Globe and Cosmos banner Galileo - Shakespeare hybrid face Celebrating 400 Years of Shakespeare and Galileo
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The Bard and the Father of Modern Science. They were the superstars of their day. Literal Renaissance men whose words and ideas continue to shape our ideas on art and the universe.

Join us for a year-long celebration of William Shakespeare and Galileo Galilei on the 450th anniversary of their births.

It's such stuff dreams are made on.

About the Project

The "Globe and the Cosmos" series originated with Peter Alexander, dean of the College of Visual and Performing Arts. Alexander was looking for a collaborative project to bring together diverse talents and expertise from across the UNCG campus. Envisioning a unique project with a breadth that would challenge the intellect and stimulate the imagination, he reached out to Timothy Johnston and Jerry Pubantz, deans of the College of Arts and Sciences and the Lloyd International Honors College, to realize that vision.

"The Globe and the Cosmos" will bring several renowned artists and lecturers to the UNCG campus: Composer Philip Glass, who wrote an opera about Galileo. Dava Sobel, author of "Galileo's Daughter." Science historian John Heilbron. Russ McDonald, professor of Renaissance literature and Shakespearean scholar. Theatre Gigante, whose performance of "My Dear Othello" will fuse drama, dance and music.

And UNCG's homegrown talent is poised to shine as well. UNCG Opera Theatre will perform Glass' "Galileo Galilei." UNCG Theatre will stage Shakespeare's "Twelfth Night." Dance professor Janet Lilly will perform with Theatre Gigante. The Weatherspoon Art Museum will feature "Skyward," an exhibition of artists who, like Galileo, are fascinated by celestial observation.

Set your sights on the stars as art and science, beauty and truth, come together at UNCG.

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Event Photos

Coming soon!

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Acclaim for Theatre Gigante's "My Dear Othello"

A certain surrealism makes it possible to be both sparse and dense in the same moment. "My Dear Othello" debuted at UNCG's dance theater last weekend, an ambitious production by Milwaukie-based Theatre Gigante. Co-created by Slovenian-trained Isabelle Kralj and Mark Anderson, this rather unclassifiable work of "dance-theatre" took on two of the holiest cows of global theatre history at once – Shakespeare and the classical Japanese medieval dramatic forms.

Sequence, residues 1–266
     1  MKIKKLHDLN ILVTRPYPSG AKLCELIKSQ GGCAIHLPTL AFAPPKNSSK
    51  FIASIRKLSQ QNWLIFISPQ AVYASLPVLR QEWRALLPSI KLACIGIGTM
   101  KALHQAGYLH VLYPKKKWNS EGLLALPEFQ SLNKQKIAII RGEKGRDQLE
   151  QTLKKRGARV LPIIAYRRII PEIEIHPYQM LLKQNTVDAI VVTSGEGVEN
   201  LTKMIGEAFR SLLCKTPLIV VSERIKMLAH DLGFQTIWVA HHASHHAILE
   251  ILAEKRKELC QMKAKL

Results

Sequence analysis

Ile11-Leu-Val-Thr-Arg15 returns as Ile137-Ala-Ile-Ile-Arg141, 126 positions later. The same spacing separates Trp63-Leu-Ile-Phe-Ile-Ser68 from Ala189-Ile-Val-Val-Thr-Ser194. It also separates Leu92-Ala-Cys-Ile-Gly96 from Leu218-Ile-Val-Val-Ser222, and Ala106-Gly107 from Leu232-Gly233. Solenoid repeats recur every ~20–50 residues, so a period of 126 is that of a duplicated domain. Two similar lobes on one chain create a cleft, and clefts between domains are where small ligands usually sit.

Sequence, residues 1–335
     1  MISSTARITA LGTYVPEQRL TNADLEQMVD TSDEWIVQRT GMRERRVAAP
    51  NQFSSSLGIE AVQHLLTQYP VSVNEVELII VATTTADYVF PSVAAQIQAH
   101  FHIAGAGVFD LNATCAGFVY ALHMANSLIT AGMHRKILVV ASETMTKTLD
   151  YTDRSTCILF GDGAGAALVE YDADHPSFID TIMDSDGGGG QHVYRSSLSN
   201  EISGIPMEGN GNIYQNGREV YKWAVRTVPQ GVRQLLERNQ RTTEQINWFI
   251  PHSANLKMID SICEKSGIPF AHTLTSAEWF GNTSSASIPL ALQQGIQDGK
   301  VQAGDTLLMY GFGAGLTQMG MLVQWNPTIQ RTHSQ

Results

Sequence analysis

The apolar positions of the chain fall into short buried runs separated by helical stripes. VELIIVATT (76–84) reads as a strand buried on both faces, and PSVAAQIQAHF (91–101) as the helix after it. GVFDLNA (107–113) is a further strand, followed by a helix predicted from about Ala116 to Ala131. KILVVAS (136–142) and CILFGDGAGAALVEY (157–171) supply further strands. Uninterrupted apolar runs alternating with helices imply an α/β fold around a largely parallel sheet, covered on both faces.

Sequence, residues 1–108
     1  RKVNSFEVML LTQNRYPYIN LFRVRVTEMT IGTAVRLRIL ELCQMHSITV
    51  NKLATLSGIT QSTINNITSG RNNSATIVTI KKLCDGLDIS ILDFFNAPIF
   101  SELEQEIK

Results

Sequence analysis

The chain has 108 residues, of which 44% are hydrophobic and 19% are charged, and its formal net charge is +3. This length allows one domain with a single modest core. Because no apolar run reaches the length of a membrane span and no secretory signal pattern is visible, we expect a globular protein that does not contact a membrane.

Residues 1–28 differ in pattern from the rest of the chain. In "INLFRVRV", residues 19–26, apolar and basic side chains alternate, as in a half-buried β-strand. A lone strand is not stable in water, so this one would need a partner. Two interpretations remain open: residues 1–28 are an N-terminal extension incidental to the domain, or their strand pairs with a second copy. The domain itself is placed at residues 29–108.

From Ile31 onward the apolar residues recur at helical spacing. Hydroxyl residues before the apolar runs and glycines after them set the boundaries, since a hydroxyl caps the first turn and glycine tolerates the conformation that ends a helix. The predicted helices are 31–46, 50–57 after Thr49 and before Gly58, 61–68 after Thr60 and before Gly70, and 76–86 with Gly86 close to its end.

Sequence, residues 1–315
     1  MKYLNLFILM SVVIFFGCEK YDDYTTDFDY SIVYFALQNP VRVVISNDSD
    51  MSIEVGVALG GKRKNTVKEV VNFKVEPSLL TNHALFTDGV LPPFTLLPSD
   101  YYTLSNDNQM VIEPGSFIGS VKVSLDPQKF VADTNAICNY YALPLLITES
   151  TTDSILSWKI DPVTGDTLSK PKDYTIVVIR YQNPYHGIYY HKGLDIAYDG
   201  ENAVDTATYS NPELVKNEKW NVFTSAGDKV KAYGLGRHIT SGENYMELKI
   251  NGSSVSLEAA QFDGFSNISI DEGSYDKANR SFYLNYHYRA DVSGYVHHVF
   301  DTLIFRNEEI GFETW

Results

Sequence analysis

[Read the full review from Avant Greensboro]

[Read another review from the Milwaukee Journal Sentine]

A glorious concert, "Shakespeare: East and West"

Many events in UNCG's "Globe and Cosmos" series will be big.

In sheer volume of performers on stage, this will be among the biggest.

The concert titled "Shakespeare: East and West" will feature the UNCG Symphony Orchestra and combined choirs on Sunday, October 5, 3:30 p.m. in UNCG Auditorium.

It will combine 170 singers, five soloists and the entire Symphony to present two pieces inspired by Shakespeare, as well as "The Here and Now" by Christopher Theofanidis, based on texts by the Persian mystic Rumi, known as the "Shakespeare of the East." Connecting east and west is a movement from Maurice Ravel's work, "Sheherazade" featuring professor Clara O'Brien as soloist.

[Read more on Campus Weekly]

Jazz, Shakespeare jibe in 'Twelfth Night'

It's reminiscent of that iconic moment in pop culture when chocolate and peanut butter collided. Jazz and "Twelfth Night" just jelled.

Theatre professor Jim Wren was listening to John Coltrane's cool jazz this summer as he prepared to direct Shakespeare's comedy.

"I was listening to Coltrane's 'A Love Supreme' in addition to some crazy 'punk jazz' from the Lounge Lizards that started to speak to me as I was reading the text," he says. "I love the simultaneous simplicity and complexity within the music. And the listening. Not my listening, but the way the musicians listen to one another. That's what I hope to explore with 'Twelfth Night'."

[Read full article on Campus Weekly]

Campus Weekly - The Globe and the Cosmos, at UNCG

The Bard and the Father of Modern Science. They were the superstars of their day. Literal Renaissance men whose words and ideas continue to shape our ideas on art and the universe.

William Shakespeare and Galileo Galilei were born 450 years ago. And UNCG is marking the occasion with dozens of events in a year-long celebration.

The "Globe and the Cosmos" series originated with Dr. Peter Alexander, dean of the School of Music,Theatre and Dance. Alexander was looking for a collaborative project to bring together diverse talents and expertise from across the UNCG campus. Envisioning a unique project with a breadth that would challenge the intellect and stimulate the imagination, he reached out to Dr. Timothy Johnston and Dr. Jerry Pubantz, deans of the College of Arts and Sciences and the Lloyd International Honors College, to realize that vision.

Read more at http://ure.uncg.edu/prod/cweekly/2014/09/09/the-globe-and-the-cosmos/

More coming soon!

Check back often for more!